What exactly is Harajuku style?

What exactly is Harajuku style?

by Juliette Eleuterio
5 min

Sailor Moon cosplay, schoolgirl skirts, pink coloured hair, a whole bunch of over the top accessories and kawaii graphics are the sort of things you might find when scrolling through images relating to the Harajuku style. 

The style came about during the early 80s in Tokyo and was named after the Harajuku station in the Shibuya district. It started gaining popularity in the 90s, merging subcultural Japanese and Western styles together, and by the early 2000s, the style transpired all over the world.

@t.yen_ ©

While there is some debate about how the style came to be, it’s undeniable that Japan’s strict guidelines on how to dress was a huge factor in the coming up of the Harajuku culture. From school uniforms to work attire, there was no wiggle room for freedom of expression in the way people were dressing, which is exactly what the Harajuku style is all about.

Teenagers and young adults started to wear much more flamboyant outfits, partly as an act of rebellion and partly because it was simply what they wanted to wear. Though, Harajuku is a hard one to define for the simple fact that it isn’t just one style.

@twinkle.pink_ ©

In 1997, FRUiTS Magazine came on the scene, which documented this style in Tokyo by capturing stylish people as well as adding a brief description of the person, their occupation and what their outfit was inspired by. FRUiTS became a marker of culture of Japan, and allowed the whole world an insight into the subculture that was booming in the streets of Tokyo. Though by 2017, the print magazine was discontinued but continues to post fit pics on Instagram.

Remember how we said Harujuku wasn’t just one specific style? It’s actually made up of so many different subcultures that only adds to the freedom of expression ethos, inviting everyone who wants to to interpret the style in their own way. Here’s a rundown of just some of the styles that might be recognized.

@su1_bo ©

Sweet Lolita

The Lolita style is one that has been coming up strong this year, especially on TikTok. Think 17th century Rococo and Baroque eras, lots of ornate, puffy skirts, lace, bows and either white and light colours or pastel colours. The Lolita aesthetic has often been compared to dressing up like those creepy dolls your grandma decorates our house with, but make it cute.

@sweetbunnyblushes ©

Goth Lolita

Goth Lolita, sometimes referred to as Dark Lolita, is essentially the black-wearing sister of the Sweet Lolita. With the Goth Lolita look, you’ll find very similar styles with a black colour palette, even sometimes sprinkling in elements of steampunk.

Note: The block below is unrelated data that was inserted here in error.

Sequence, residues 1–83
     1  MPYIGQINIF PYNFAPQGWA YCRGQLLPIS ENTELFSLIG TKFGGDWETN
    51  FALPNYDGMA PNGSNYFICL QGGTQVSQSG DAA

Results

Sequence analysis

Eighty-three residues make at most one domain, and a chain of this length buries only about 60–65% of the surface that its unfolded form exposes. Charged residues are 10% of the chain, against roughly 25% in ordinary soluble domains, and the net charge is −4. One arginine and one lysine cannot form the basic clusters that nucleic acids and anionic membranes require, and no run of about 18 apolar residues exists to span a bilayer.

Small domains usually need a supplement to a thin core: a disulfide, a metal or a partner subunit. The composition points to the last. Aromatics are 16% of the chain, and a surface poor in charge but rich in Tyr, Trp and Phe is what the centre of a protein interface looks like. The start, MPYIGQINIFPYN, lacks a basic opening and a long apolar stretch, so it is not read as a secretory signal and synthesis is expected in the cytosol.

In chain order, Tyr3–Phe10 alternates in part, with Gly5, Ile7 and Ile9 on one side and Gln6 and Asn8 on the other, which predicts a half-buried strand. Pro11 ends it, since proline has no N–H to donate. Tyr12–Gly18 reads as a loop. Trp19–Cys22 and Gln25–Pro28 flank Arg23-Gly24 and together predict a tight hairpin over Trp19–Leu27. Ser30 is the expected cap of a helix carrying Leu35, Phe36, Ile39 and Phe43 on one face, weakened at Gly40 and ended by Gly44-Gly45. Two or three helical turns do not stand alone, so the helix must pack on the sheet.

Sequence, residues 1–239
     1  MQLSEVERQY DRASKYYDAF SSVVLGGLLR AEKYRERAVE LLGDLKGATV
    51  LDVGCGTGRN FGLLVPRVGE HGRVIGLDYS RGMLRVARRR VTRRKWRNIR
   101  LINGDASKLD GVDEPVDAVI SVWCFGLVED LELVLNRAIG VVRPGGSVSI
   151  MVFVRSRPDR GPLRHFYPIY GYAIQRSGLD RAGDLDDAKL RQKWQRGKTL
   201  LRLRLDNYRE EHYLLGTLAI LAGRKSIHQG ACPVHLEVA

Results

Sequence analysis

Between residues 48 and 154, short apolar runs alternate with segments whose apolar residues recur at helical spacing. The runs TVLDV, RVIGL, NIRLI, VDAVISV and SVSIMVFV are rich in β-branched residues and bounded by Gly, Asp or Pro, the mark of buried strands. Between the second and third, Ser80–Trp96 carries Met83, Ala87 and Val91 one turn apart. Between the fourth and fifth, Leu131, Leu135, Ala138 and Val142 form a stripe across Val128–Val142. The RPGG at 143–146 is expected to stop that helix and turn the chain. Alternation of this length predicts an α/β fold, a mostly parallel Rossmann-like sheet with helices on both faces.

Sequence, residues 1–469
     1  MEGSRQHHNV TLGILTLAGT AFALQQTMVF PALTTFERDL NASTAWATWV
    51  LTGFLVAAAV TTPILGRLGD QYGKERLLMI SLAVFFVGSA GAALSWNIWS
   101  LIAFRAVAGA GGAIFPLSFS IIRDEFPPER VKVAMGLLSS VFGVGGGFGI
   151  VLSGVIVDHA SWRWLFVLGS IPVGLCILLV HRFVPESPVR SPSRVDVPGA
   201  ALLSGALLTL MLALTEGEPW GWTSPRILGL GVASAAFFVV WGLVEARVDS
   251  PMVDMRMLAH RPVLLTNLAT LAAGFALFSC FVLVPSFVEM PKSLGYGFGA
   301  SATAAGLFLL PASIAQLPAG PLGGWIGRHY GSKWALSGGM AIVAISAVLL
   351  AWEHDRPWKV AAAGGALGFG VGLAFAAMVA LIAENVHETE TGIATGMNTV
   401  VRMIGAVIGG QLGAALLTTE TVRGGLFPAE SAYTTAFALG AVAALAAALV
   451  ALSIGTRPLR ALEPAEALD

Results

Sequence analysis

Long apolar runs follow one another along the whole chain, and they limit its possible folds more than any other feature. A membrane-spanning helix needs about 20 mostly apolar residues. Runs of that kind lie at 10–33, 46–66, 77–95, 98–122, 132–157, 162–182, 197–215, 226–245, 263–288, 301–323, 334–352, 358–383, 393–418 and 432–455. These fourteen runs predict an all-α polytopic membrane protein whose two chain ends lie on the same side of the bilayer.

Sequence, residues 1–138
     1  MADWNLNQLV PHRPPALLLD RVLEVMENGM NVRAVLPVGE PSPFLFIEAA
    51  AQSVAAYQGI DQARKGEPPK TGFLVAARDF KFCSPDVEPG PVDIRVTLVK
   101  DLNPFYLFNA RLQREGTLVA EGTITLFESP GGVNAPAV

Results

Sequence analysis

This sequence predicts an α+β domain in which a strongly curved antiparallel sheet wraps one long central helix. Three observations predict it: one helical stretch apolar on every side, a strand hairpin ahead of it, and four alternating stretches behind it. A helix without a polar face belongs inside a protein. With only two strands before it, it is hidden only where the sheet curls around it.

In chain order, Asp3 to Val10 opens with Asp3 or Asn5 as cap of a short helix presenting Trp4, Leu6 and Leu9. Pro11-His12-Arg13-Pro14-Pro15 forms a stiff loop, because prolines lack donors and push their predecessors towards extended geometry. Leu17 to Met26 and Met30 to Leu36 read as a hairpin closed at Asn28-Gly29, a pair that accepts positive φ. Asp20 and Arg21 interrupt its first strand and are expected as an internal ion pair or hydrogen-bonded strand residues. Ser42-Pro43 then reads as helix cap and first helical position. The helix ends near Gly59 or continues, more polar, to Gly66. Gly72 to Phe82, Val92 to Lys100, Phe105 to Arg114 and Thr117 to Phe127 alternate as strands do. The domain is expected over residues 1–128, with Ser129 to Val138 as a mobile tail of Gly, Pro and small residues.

©@rhiannomu ©

Kogal

Kogal or ko-gyaru is the Harajuku take on the school uniform. While those uniforms found in educational establishments are tightly regulated, the Kogal style goes full out. Uniform elements like plaid skirts, but make them short, neckties and scarves mixed in with wild haircuts and scrunched up leg warmers. 

@beepastell ©

Decora

This one is by far the most out there style that makes up Harajuku. When it comes to sticking to the Decora aesthetic, people will dress themselves with colourful stockings, leggings, armbands, tutu-style skirts, cropped jackets, but the key is in accessorising, going all out with mini backpacks, hair clips and ties, and having the makeup to match. This style was especially popularised thanks to the singer Kyary Pamyu Pamyu, who was big in the Harajuku scene before getting into music.

@llugkoll ©

Cosplay

Here comes Sailor Moon. Cosplay worldwide is usually reserved for conventions, themed-parties or Halloween, but in the world of Harajuku, Cosplay can be everyday wear. From video games, mangas, TV shows and movies, Cosplay wearers will dress up as their favourite character, sometimes to a T and sometimes just by pulling loose inspiration.

@cutiemissmootjie ©

Visual Kei

Translating to “visual genre”, Visual Kei is heavily influenced by 80s Japanese musicians, specifically rock, metal and rap artists. X Japan became a key figure in this subcultural style, capturing the punk-ish, dark coloured style that has often been compared to the Emo aesthetic.

@14strk ©

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